“Before it was partly Cambodian and partly indie rock,” explains Williams of the band’s evolution. “Now it’s 100 percent both.”
Plunging headlong into their second decade as a band, DENGUE FEVER’s new album, The Deepest Lake, their fifth full-length of all-new material, comes at a critical juncture in the band’s career. In 2013, after forming their own label Tuk Tuk Records, the band crossed over into a brave new world as both artist and record label owner’s. Today they find themselves able to wear two hats – as creative musicians with no boundaries as well as label owners who make their own decisions on where, when and how to fabricate their career.
The net result is the aforementioned, The Deepest Lake, a record with more musical diversions than the Mekong River itself. Released in January 27, 2015 – US/Canada & February 2, 2015 in the rest of the world, the ten tracks on The Deepest Lake will satiate longtime fans as well as newcomers looking for something altogether different. Widely recognized for their trademark blend of 60’s Cambodian pop and psychedelic rock, Dengue Fever’s latest release expands their musical palette to include Khmer rap, Latin grooves, Afro percussion, layered Stax-like horns and more.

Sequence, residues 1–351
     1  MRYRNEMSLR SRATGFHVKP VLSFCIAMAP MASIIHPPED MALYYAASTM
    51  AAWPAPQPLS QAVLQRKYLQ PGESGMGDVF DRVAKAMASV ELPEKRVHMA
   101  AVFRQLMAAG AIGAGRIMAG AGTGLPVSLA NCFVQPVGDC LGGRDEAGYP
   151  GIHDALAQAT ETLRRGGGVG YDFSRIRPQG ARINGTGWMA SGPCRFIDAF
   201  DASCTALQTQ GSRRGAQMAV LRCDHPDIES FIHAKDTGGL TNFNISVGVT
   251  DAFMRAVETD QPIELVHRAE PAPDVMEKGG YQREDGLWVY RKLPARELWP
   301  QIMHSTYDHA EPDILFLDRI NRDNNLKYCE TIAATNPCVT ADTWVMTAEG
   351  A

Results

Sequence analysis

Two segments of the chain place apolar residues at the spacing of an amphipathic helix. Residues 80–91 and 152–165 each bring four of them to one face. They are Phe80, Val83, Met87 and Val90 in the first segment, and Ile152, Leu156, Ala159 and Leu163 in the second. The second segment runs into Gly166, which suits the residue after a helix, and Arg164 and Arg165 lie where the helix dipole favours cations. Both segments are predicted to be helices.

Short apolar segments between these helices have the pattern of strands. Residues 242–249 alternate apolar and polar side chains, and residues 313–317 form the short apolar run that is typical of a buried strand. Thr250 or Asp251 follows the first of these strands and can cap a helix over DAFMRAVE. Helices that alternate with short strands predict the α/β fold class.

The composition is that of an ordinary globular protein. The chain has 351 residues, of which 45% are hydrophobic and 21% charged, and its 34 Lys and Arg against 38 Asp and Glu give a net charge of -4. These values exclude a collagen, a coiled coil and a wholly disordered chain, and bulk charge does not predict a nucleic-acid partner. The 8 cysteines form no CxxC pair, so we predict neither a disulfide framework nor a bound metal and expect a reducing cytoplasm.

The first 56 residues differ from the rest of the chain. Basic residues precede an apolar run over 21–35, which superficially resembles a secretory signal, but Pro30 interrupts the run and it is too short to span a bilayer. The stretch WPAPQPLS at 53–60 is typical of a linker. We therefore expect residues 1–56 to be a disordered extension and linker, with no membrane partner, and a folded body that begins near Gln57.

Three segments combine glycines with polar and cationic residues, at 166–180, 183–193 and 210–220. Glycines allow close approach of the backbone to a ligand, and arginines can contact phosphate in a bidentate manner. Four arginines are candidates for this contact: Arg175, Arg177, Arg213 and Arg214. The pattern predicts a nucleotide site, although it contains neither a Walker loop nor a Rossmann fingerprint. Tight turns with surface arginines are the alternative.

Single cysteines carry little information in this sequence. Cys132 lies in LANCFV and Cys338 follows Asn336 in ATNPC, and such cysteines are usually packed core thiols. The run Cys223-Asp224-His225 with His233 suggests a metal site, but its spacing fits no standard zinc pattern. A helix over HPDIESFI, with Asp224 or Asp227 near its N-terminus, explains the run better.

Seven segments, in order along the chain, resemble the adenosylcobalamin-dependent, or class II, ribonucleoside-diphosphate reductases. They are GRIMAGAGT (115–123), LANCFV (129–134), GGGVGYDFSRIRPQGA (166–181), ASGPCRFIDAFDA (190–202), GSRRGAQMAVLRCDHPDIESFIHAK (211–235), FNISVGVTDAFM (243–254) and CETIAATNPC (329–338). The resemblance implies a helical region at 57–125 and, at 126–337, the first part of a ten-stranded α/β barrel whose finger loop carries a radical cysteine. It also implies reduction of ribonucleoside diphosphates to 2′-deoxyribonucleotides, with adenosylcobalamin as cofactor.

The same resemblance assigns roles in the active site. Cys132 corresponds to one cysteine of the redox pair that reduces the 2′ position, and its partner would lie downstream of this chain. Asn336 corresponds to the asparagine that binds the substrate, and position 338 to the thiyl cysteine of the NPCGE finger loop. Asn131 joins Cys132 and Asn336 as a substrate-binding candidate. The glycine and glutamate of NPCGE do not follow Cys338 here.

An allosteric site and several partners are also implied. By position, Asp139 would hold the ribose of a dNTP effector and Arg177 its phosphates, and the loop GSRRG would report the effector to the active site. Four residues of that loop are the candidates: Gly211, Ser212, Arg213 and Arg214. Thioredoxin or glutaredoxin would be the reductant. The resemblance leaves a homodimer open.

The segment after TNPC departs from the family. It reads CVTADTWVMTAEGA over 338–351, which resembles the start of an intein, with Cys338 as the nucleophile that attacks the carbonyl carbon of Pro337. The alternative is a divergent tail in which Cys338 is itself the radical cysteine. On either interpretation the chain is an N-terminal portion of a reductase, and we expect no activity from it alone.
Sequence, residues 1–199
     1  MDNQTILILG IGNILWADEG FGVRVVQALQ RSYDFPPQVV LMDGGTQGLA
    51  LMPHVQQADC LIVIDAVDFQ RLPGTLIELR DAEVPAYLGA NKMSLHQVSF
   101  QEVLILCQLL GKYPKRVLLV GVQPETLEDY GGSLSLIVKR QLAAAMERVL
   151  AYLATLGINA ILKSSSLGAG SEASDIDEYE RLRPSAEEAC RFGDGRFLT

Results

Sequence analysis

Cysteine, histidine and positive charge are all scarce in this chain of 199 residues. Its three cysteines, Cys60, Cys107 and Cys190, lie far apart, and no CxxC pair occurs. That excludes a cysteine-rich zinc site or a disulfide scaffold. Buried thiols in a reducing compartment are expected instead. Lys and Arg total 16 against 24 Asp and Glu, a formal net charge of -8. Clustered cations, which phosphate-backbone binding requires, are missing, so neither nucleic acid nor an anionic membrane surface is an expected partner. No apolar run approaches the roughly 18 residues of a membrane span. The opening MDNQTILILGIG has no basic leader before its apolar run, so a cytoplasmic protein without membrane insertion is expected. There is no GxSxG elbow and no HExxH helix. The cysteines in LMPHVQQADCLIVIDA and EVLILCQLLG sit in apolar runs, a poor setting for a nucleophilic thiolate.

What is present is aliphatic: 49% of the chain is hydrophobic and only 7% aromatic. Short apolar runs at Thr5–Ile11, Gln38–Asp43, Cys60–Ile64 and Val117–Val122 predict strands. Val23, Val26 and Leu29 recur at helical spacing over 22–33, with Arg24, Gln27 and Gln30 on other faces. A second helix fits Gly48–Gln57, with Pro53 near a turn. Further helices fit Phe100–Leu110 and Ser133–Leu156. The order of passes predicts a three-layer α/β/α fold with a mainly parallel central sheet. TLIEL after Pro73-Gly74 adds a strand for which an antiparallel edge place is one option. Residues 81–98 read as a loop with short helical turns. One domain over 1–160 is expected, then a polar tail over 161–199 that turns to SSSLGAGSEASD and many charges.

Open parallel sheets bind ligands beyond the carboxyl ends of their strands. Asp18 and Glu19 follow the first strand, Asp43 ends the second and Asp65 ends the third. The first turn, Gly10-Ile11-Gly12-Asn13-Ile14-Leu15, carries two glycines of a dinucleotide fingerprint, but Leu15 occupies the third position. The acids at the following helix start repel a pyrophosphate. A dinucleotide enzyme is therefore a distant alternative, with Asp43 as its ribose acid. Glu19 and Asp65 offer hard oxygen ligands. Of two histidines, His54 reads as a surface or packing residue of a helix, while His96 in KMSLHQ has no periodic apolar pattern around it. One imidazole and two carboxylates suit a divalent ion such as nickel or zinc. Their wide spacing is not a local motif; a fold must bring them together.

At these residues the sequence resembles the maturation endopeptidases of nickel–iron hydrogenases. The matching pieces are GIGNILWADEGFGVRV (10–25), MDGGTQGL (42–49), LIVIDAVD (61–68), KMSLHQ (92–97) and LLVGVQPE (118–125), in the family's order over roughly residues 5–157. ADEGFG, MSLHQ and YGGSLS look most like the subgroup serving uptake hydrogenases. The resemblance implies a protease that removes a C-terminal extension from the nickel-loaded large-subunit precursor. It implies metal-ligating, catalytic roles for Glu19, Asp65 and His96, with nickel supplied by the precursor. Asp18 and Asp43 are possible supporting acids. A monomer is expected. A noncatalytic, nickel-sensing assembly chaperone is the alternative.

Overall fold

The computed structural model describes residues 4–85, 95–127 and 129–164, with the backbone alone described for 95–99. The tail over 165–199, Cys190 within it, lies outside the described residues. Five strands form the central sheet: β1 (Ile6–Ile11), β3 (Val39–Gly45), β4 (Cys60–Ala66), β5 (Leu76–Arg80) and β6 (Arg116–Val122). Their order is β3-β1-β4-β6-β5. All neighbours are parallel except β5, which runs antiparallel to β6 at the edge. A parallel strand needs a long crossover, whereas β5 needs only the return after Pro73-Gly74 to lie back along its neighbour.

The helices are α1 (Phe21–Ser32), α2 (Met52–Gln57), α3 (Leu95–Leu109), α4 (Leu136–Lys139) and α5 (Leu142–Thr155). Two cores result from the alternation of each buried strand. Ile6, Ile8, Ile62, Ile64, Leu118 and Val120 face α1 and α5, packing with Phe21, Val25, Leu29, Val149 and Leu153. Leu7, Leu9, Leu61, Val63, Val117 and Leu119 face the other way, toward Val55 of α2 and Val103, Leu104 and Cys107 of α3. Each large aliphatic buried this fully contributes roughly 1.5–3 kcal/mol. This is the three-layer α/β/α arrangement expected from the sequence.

From the keyboard and percussion heavy opening track, “Tokay”, lead singer Chhom Nimol’s unmistakable bird-like Khmer vocals lead the band on a evolutionary musical journey on The Deepest Lake. Be it the John Doe & Exene boy/girl vocals on “Rom Say Sok” that gets your indie grooves on or the six plus minute psychedelic jam on “Cardboard Castles”, it’s pretty evident that this is a band looking to take chances and not play it safe. By following their instincts on this record and letting many of the final tracks come out of extended jams when demo’ing the album, the band played to their musical strengths. No longer was there a need to ‘find’ a song, the songs on The Deepest Lake came to them.
The band’s newly established independence as both label